It's the same reason you can turn a MOSFET on carrying 10,000 volts with a 15V floating signal. The reference is not 0, it's V. The reference for your primary's current output is not the primary itself, it's whatever is on the secondary.

A well done 10000R impedance coil is hell to wind, especially if you aren't operating at a high enough frequency to warrant it, but it's doable.

For example's sake, I have a 200~ turn coil at 100kHz and got

$$ X_L = 2 \pi (100000)(0.025) $$

$$ X_L = 15000 $$

At your frequency, with my coil, you only get

$$ X_L = 2 \pi (20000)(0.025) $$

$$ X_L = 3141 $$

And that's your maximum.

So you'd have to wind three of mine, just about. So 600~ turns of 28(?) gauge copper wire for a radius of 25cm and a center hole of 5cm radius.

It's really kind of horrible to wind that much.

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  • \$\begingroup\$ I just wound 2 x ~600 turns of AWG #39 this morning before coffee. No big deal, I used a small (3") lathe. Now winding that many turns manually on a toroid would be a pain. \$\endgroup\$ – Spehro Pefhany Aug 7 '15 at 15:29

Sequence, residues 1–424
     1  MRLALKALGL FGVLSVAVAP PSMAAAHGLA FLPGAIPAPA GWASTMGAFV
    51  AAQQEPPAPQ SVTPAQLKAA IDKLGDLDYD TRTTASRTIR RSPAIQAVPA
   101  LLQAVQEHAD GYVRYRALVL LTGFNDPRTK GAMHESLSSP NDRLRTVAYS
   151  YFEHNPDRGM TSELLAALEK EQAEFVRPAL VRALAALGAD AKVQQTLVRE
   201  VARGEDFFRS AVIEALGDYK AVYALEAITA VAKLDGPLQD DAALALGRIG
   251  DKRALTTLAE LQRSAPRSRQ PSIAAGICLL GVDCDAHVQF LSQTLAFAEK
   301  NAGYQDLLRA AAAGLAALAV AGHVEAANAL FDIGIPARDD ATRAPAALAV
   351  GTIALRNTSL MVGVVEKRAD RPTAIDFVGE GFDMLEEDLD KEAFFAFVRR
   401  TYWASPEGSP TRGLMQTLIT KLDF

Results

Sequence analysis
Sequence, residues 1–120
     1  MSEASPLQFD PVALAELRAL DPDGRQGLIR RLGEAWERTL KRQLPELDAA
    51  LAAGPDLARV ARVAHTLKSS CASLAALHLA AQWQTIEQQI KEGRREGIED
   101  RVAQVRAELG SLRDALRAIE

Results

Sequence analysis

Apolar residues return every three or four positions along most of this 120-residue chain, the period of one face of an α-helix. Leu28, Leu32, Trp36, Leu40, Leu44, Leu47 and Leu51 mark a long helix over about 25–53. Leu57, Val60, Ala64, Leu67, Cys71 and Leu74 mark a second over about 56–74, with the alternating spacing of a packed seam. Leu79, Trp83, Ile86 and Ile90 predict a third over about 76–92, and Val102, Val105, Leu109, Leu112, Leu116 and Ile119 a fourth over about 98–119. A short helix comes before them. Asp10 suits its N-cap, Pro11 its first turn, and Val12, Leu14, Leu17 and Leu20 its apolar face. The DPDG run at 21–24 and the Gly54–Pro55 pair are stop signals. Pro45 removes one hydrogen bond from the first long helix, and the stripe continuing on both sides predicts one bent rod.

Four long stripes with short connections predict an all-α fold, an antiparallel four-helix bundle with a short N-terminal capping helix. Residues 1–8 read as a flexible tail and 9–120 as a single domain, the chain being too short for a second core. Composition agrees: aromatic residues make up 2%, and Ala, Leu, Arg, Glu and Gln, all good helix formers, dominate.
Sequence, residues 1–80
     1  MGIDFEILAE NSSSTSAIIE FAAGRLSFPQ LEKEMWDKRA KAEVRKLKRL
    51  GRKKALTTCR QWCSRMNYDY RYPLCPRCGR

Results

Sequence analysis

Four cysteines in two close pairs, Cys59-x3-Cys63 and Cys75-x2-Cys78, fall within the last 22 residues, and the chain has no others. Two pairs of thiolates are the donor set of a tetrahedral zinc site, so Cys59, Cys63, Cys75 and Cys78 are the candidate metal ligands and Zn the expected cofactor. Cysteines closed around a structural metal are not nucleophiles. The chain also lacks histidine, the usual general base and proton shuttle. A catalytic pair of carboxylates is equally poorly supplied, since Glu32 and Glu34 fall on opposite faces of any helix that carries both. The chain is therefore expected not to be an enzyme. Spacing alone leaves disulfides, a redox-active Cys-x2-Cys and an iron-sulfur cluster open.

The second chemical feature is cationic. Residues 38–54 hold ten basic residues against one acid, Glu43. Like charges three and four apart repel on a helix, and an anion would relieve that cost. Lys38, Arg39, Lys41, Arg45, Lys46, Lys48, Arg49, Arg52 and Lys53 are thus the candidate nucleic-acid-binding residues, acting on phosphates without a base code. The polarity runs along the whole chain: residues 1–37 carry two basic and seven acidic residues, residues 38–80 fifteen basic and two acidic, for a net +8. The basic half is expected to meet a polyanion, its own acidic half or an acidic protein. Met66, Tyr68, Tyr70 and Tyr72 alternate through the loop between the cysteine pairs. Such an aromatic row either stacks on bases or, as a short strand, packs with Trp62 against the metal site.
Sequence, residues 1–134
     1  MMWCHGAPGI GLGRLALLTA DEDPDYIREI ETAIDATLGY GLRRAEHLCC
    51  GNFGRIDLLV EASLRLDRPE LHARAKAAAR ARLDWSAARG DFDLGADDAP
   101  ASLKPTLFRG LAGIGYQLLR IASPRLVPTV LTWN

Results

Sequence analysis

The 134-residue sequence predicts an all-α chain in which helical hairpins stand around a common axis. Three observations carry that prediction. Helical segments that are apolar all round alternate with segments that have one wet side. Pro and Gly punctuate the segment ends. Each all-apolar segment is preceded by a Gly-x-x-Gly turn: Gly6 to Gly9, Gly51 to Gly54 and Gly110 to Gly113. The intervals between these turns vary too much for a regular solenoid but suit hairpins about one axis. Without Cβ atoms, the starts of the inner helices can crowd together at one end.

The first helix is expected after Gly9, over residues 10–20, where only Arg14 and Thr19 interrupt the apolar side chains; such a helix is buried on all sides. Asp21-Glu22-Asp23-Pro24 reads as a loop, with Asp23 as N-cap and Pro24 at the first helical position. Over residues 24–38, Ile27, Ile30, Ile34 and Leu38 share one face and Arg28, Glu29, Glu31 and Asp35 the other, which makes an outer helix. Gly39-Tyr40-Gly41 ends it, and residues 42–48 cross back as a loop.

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Are you able to purchase ready-made transformers or is this something that you must wind yourself?

The problems you are going to run into are: what kind of steel are you using for your core laminations and how do you keep track of the number of turns that you have wound on the bobbin.

Winding the bobbin is easy but it might be tedious. Most people use some form of motor-driven winder with a variable speed control. An electric drill will do in a pinch.

FWIW - most people use 600:600 transformers for audio isolation these days. Most modern audio equipment has output impedances somewhere between 22 Ohms through about 100 Ohms. 47 Ohms is very common.

These low output impedances will drive a 600 Ohm transformer very nicely.

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  • \$\begingroup\$ But this kind of 600:600 ohm transformer are usually for some basic stuff like voice transmission, and have frequency response up to 3-4kHz, so no use for good audio. There are some ready-made transformers that works well up to 20 or even 100kHz, but usually manufacturers ask big money for them, like 50-100 bucks. \$\endgroup\$ – ScienceSamovar Feb 20 '15 at 10:02
  • \$\begingroup\$ I'm going to suggest that you visit my company's website www.trinity-electronics.com and have a look at the audio isolation transformers that we sell. Our customers include Television and Radio broadcasters as well as professional audio installation and rental companies. Although our transformers are mounted on PC boards with connectors, we are happy to sell you bare transformers at a lower price. Do be aware that it is really easy to destroy the transformers if you attempt to solder wire to the leads without a PCB to stop them from moving. \$\endgroup\$ – Dwayne Reid Feb 20 '15 at 14:56